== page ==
Once you’ve decided what you want, ask yourself, ‘Do I have the skills to do this?’. If the answer is ‘no’, look into your company’s policy for additional training. Will they pay for you to take a course and get trained?
If you do have the skills to take on the additional tasks, speak to your boss and explain that you feel you have the capacity to do more and would love a challenge. Be smart though! If you’re going to take on extra work, always discuss a salary increase to match the change in your daily responsibilities.
If there’s no scope for you to take on additional responsibilities in your current job, it may be time to start looking for a new role elsewhere. Be sure to apply for a more senior position to avoid quickly getting bored in your new job.
You’re in the wrong job or career
Whether you’ve been in your job for years or you’re fairly new to the field, it’s common to one day realise that your heart and interests lie elsewhere – work has become something you do for money and there’s little satisfaction from a job well done. If you’re someone who’s driven by doing meaningful work and you want to spend your life in a role that makes you feel happy and fulfilled, the longer you stay in a job that’s a bad fit for you, the greater the feelings of unhappiness, resentment and misery will grow.
If you suspect the real problem with your job is the work you do every day, answer the following questions to make sure:
- Do you feel like you’ll go insane if you have to spend the rest of your life doing your current job?
- Is your current job completely mismatched with your lifestyle, personality and/or values?
- Do you have life aspirations and goals you’re desperate to achieve but can’t do so while in your current career?
- Do you feel like the work you do doesn’t really matter?
- Are happiest working on a hobby or side project that has nothing to do with your current job?
- Are you envious of people who say they love their job?
If you answered ‘yes’ to two or more of these questions, a career change sounds like something that could inject some much-needed happiness back into your work life.
Solution: Take a look at some of our resources to help you get clear on your next move.
Start with the new job versus new career cheat sheet. It will help you figure out if you need a whole new career or just to change the job you do within the same field.
Then take a look at our career clarity guide. This is ideal if you know your current career is not right for you, but you have no idea what you want to do instead. It will help you work out your passion and the best path for you in five short steps.
You’re struggling to keep up with your workload
As failure is generally portrayed as a terrible thing in society, it can be hard to hold up your hands and admit ‘I can’t do my job’. You may have blagged your way through the application process while fully aware that you were a little inexperienced for the role, you may have done a similar role in a smaller company and underestimated what doing the job for a larger company would be like, or perhaps you had no idea what the role involved and now realise it’s much more than you bargained for and you’re in way over your head. Regardless of the reason, the end result is the same – you’re drowning in a workload you can’t keep up with and if you’re not careful you could burn out.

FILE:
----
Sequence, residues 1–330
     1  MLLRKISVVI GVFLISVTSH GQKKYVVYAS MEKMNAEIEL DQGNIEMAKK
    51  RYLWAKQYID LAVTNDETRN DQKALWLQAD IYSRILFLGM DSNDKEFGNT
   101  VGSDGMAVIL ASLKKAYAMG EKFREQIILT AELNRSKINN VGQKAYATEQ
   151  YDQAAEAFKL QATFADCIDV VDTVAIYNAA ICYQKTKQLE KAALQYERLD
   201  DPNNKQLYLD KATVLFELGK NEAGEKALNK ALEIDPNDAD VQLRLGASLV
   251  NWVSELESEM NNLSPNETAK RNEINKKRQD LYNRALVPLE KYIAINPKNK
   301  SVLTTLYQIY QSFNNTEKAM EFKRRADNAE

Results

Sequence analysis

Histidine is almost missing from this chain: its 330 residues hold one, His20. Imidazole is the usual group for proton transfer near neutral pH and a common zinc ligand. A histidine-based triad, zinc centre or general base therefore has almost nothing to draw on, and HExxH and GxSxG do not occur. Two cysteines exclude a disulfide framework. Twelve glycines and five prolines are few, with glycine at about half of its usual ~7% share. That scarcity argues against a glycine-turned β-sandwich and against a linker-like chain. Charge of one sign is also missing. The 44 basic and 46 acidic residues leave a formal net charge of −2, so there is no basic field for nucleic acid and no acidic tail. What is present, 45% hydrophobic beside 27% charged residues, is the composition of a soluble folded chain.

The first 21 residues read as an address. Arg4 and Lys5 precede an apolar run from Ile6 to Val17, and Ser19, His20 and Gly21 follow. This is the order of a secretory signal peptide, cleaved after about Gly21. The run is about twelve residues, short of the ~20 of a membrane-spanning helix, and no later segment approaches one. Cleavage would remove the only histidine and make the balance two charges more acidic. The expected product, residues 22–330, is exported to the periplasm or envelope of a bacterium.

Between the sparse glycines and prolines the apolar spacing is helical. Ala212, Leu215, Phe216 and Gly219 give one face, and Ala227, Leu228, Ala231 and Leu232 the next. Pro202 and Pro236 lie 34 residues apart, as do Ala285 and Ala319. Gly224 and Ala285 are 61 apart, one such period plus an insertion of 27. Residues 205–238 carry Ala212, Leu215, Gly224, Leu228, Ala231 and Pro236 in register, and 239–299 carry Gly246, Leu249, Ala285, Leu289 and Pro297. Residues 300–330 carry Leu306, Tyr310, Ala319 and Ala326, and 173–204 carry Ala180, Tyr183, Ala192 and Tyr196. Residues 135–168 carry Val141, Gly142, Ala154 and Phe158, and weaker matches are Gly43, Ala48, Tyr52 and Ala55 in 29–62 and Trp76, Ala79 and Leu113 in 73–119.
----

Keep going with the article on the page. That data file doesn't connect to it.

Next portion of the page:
Do the following questions resonate with you:
- Is your to-do list out of control? You never seem able to get to the end of it?
- Do you often skip lunch or eat at your desk because you don’t have the time to break from your work for 30 minutes
- Do you have to come in early or stay late at work to get through your tasks?
- Do you often feel like you don’t know what you’re doing, regularly have to ask your colleagues to explain tasks or Google a lot of the things you’re asked to do?
- Are you taking work home and working into the evening or weekends just to stay on top of your workload?
- Do you feel stressed, overwhelmed and incompetent on a daily basis?
If you answered ‘yes’ to two or more of these questions, your work misery may well be because you’ve taken on a role that’s beyond your capabilities.
Solution: Don’t quit. This is one of those moments in life that can bring great growth IF you persevere and ask for help.
Start by breaking down your role to determine the real cause of your struggle. Yes, you’re in over your head, but why?
Workload struggles tend to fall into three categories:
- Things you can’t do because you lack the skills needed to do them
- Things you can’t do properly because they take up too much of your time
- Things you can’t do because you don’t have the support needed to do them (support in terms of people and equipment)
Once you’ve identified the cause of your struggles, it’s time to think of solutions. For example, if you don’t know how to use a particular piece of computer software that you need to use daily, spending a couple of days on a training course could transform your productivity. Or if you have 20 tasks on your to-do list, assess which are non-negotiable and which can be delegated (and who you can realistically delegate them to).
Once you have potential solutions at hand, it’s time to speak with your manager. A tactic that often works is opening the conversation by asking them for honest feedback on your performance so far. Don’t forget that we all tend to catastrophise situations, so even if it is true that you’re a little over your head in your role, it’s very likely that you believe it’s much worse than it really is.
Once you’ve gotten your feedback, admit to your manager that you’re experiencing some challenges, but have a few ideas about how to improve the situation. If you’re dealing with a reasonable manager, you’ll be surprised to find how supportive they will be, especially as you’ve taken a proactive move by identifying your limitations and coming to them with solutions.
Don’t forget that they hired you because they thought you were up to the task. Most bosses want to see employees succeed (especially because re-advertising and rehiring is an expensive process most want to avoid).
Do you feel stuck in a job you hate? Let us know what you need to remedy the situation.